This is why I almost wish that Burshtein dealt more with dream. There’s one instance where fantasy comes into play, but it’s brief and serves more as the foreshadowing of tragedy than happily ever after. If there were more, however, the finale’s otherworldly aesthetic in visual style could work better. This idea that Michal is fasting for the wedding and prone to hallucinations would play into the romantic comedy mold the film never quite fits. We too would wonder what was real and what wasn’t rather than feel we’re wading through the outcome we knew was always coming. It turns what should be an exciting moment into a bit of a slog because the event seems as though it thinks it’s more of a surprise than it is.
In my opinion, though, this climax is the least interesting piece of the whole. I enjoyed the messier bits much more—when Michal’s insecurities and anxiety are allowed to breathe and force the men opposite her to see her devoid of artifice. This in turn shines a light on their shortcomings to glimpse behind the veil of dating into the pettiness and profundity of split-second decisions and awkward misreadings. Koler is a natural from start to finish whether mired in scatterbrained self-loathing or bolstered by an unwavering belief that her true love awaits. We relate with her quick shifts from laughter to confusion to pain as she hears what she wants but knows it comes from someone she doesn’t. Perhaps God has a plan for us all.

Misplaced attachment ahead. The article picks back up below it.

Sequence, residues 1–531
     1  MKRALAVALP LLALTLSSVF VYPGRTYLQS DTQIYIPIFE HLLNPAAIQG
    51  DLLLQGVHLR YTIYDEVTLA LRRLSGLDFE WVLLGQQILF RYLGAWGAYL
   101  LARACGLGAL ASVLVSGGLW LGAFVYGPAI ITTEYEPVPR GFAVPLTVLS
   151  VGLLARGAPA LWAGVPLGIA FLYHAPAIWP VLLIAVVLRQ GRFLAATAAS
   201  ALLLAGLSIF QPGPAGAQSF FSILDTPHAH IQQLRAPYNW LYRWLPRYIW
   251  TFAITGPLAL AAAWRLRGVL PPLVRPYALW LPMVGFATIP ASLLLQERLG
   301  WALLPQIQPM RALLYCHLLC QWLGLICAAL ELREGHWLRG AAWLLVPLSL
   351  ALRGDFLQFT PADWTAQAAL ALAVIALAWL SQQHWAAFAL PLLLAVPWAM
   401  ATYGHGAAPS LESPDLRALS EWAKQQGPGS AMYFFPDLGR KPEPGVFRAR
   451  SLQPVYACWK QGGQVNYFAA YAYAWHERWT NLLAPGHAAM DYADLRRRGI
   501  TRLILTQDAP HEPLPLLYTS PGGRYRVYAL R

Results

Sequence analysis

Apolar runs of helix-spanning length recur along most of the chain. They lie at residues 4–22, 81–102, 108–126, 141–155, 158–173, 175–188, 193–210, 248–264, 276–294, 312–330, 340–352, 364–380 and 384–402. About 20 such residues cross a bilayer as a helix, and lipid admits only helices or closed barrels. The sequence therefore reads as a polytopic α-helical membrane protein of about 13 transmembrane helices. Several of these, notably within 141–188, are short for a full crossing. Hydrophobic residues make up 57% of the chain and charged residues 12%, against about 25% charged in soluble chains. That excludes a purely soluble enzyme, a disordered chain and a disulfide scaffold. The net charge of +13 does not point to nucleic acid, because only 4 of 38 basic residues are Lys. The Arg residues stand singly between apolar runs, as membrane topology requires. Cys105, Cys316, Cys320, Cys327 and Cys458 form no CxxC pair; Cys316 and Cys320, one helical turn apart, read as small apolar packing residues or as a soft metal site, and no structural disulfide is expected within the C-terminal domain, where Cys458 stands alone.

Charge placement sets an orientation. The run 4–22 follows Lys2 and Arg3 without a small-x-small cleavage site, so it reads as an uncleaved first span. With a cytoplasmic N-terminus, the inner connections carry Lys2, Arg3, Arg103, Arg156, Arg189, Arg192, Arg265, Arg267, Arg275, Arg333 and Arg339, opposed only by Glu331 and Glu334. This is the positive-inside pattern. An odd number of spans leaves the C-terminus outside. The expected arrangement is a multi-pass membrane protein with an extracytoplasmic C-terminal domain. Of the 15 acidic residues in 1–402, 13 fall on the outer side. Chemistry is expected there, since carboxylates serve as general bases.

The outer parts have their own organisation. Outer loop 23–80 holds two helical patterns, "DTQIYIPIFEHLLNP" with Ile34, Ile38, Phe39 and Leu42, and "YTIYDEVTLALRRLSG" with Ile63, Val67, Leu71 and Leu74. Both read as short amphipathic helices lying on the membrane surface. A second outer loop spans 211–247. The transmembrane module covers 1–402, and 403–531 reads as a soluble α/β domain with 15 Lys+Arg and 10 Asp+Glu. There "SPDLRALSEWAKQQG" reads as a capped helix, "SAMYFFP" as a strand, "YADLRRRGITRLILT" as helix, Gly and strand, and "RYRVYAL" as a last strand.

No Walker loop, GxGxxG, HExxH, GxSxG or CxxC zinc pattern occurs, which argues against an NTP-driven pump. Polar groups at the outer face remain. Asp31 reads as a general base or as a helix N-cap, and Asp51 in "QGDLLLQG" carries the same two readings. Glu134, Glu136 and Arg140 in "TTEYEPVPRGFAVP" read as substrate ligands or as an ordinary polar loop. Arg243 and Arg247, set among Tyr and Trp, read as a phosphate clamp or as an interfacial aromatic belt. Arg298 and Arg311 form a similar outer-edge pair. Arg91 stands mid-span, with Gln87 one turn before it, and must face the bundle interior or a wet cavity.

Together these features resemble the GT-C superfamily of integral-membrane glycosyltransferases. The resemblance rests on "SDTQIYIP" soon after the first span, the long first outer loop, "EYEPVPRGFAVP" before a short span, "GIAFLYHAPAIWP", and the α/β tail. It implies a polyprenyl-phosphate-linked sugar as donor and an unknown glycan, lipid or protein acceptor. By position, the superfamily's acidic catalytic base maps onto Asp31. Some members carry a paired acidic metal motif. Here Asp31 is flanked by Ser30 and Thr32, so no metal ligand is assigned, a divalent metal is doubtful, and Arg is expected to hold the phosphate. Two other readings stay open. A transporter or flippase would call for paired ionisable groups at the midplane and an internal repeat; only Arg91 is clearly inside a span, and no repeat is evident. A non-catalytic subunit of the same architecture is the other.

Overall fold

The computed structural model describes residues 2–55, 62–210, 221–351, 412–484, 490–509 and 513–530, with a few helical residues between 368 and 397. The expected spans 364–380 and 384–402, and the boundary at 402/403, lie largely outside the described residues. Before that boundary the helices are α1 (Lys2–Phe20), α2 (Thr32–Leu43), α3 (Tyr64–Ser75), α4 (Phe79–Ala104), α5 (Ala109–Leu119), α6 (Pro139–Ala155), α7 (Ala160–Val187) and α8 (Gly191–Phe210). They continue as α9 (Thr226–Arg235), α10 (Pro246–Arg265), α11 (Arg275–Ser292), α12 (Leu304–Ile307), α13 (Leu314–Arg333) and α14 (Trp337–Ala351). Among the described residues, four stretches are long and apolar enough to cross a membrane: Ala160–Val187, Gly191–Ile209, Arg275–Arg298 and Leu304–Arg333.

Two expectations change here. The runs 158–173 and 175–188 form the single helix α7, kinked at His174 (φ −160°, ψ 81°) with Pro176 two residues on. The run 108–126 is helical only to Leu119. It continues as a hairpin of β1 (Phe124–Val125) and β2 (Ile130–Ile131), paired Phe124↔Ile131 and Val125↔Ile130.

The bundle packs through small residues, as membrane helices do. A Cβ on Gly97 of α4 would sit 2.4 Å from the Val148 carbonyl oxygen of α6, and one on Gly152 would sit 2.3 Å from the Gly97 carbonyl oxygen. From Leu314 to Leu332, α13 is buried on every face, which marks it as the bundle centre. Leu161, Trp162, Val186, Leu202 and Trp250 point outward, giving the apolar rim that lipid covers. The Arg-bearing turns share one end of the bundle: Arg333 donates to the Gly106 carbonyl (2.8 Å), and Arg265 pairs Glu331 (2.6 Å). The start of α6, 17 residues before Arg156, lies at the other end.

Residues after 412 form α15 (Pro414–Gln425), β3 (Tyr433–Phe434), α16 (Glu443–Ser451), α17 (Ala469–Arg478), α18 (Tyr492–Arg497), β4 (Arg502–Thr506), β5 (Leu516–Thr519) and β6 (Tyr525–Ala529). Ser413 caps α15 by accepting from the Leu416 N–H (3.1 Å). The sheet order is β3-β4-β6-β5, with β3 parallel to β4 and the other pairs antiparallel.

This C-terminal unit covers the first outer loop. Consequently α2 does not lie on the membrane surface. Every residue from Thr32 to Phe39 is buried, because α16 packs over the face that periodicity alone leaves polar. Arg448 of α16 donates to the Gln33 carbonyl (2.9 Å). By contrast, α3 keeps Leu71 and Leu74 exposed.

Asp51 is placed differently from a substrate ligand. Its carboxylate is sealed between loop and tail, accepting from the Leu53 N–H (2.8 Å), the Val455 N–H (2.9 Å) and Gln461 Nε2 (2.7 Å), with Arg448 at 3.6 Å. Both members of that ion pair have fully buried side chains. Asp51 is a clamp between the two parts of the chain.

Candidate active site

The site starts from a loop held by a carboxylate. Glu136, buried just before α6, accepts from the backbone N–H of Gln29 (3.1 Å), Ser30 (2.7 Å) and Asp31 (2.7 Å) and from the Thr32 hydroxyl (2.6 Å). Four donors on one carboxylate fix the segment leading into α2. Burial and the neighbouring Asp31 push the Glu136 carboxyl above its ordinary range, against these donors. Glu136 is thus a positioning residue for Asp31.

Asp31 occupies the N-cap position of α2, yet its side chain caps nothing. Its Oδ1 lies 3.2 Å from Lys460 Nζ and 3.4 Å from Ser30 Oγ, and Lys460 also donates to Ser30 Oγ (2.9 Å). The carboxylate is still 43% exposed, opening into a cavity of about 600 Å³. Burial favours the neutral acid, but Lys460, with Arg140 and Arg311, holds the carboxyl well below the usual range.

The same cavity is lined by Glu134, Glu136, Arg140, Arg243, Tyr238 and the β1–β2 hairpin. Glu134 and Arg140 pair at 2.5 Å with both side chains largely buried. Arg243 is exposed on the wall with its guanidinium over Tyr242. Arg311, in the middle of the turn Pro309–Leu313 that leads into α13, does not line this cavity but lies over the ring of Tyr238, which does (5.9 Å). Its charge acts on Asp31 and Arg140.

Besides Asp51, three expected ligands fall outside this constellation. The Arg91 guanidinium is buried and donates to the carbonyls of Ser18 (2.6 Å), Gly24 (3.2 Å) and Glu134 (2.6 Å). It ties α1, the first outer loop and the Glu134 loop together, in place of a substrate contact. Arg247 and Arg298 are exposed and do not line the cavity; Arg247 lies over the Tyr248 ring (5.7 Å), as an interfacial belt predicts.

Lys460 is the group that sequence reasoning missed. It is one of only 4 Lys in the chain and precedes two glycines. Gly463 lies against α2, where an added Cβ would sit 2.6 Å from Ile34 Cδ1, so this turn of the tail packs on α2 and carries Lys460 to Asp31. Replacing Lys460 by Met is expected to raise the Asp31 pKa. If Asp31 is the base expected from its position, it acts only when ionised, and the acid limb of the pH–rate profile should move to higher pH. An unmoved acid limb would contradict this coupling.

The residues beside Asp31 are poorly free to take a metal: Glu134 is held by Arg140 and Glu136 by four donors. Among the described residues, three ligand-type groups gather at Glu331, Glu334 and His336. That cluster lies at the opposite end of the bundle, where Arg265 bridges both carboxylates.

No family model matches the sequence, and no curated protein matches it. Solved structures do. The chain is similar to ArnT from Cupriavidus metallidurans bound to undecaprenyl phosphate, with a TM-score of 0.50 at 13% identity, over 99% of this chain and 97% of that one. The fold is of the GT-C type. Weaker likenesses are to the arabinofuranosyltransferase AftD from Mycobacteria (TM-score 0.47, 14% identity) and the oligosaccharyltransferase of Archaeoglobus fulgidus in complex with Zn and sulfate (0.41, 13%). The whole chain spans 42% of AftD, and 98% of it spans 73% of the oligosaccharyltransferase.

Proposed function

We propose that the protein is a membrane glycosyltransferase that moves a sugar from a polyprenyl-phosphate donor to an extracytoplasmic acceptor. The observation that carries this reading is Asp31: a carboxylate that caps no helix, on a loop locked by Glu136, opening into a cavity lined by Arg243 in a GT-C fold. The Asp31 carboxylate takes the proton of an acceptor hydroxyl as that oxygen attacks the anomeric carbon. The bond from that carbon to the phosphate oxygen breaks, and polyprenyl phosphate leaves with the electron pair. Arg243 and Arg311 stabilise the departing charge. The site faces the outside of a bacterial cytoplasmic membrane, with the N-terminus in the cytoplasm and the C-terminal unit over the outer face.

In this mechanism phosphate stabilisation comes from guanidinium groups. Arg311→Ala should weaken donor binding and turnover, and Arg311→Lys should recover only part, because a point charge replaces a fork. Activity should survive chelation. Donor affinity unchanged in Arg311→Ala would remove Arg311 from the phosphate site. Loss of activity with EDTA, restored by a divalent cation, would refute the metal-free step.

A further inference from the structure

Noa Koler in THE WEDDING PLAN. Photo credit: Courtesy of Roadside Attractions Download
 Amos Tamam and Noa Koler in THE WEDDING PLAN. Photo credit: Courtesy of Roadside Attractions
 Ronny Merhavi, Noa Koler, and Dafi Alferon in THE WEDDING PLAN. Photo credit: Courtesy of Roadside Attractions
2 Thoughts to “REVIEW: לעבור את הקיר [Laavor et hakir] [The Wedding Plan] ”
What is the name of the song that is played when the women are all dancing in the apartment before the wedding? It is a dance/club song and it’s so good!! I saw the movie last night but I can’t find any soundtrack lists online and I don’t speak Hebrew so I don’t remember any of the lyrics. It was so good, though, and I really want to hear it again! 🙂
hes name is: veafilu behastara